Today I really didn’t want to go to the gym. Like REALLY did not want to go.

Usually just the bright lights of the gym are enough to make me want to work out, but I’m not sure if it was the rainy weather or just an off day, but I still didn’t want to do anything once I got there.

Although I told myself that I only had to do 15 minutes and then I could leave, I actually thought “fine, but only if I can do it sitting down”. So, I decided to create my own spin class.

At first, my plan to go into the Spin room and do my work out was more an excuse to be lazy than an ambitious desire to come up with my own interval, cardio workout. I figured that if I was alone in the Spin room, I could safely sit on the bike and pedal as slowly as I photo-56wanted with as little resistance as possible.

The first five minutes were awful. I thought about getting off the bike and just going to lay down on a mat somewhere pretending to stretch. I’m really out of control sometimes.

After I got through those five minutes, a man came into the room. I was very annoyed at first because I had been happy with my lazy solitude. It turns out that I actually NEEDED this man to come in as his presence made me feel like there was someone in the room judging me and holding me accountable. 

Was he doing either of these things? No, not even kind of. He was actually very content to do a very difficult Spin session of his own. But sometimes, we need to feel like there’s a bit of embarrassment in quitting, even if there is none.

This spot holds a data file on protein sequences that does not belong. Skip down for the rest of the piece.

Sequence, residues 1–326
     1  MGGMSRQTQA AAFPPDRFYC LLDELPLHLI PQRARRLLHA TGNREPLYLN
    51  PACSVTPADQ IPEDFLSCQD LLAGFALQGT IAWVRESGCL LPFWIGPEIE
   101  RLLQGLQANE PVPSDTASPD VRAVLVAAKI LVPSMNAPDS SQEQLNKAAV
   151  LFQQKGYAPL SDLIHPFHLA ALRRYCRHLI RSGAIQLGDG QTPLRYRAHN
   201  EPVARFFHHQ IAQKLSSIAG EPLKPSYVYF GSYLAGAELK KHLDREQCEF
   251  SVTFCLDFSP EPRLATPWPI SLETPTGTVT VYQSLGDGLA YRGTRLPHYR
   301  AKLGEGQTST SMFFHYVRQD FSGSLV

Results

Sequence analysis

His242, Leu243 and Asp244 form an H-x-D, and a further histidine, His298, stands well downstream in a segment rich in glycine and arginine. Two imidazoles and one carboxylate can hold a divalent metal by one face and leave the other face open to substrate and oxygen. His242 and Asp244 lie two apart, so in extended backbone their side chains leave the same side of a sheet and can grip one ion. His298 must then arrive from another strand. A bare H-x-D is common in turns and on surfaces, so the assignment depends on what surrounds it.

In the end, I made it through a 30 minute session of sprints, jumps on a hill, and a few steep climbs. I’m still not back to where I used to be in terms of resistance and speed, but the longer I was on the bike today, the easier it got.

That has to be a good sign, right?

Today was such an important lesson in why we need to push ourselves sometimes. I woke up feeling sore and lazy, but I went to the gym and had a great work out. If I let myself believe the story I was telling myself about why it was okay to stay home on the couch with photo-57Sheldon, I wouldn’t have gotten to have such a good time on the bike.

There are definitely times where you shouldn’t work out, like if you have the flu or if you’re hurt, but a lot of times we’ll tell ourselves that we shouldn’t when we really should. I did it for months, thinking “well, who would really know anyway?”. It turns out that although no one will know if you go to the gym or not, it’ll definitely become obvious when you start gain 20 pounds like I did.

While the weight gain definitely sucks, it honestly isn’t the worst part of putting off exercise. The worst part is being unable to do push ups anymore, or suffering through a spin class that used to be easy.

The knowledge that my body used to be able to do so much that it can’t now is my motivation to go to the gym on days like today. In a year from now I want to be looking at how far I’ve come, not how I’ve fallen.

How do you stay motivated?

KBF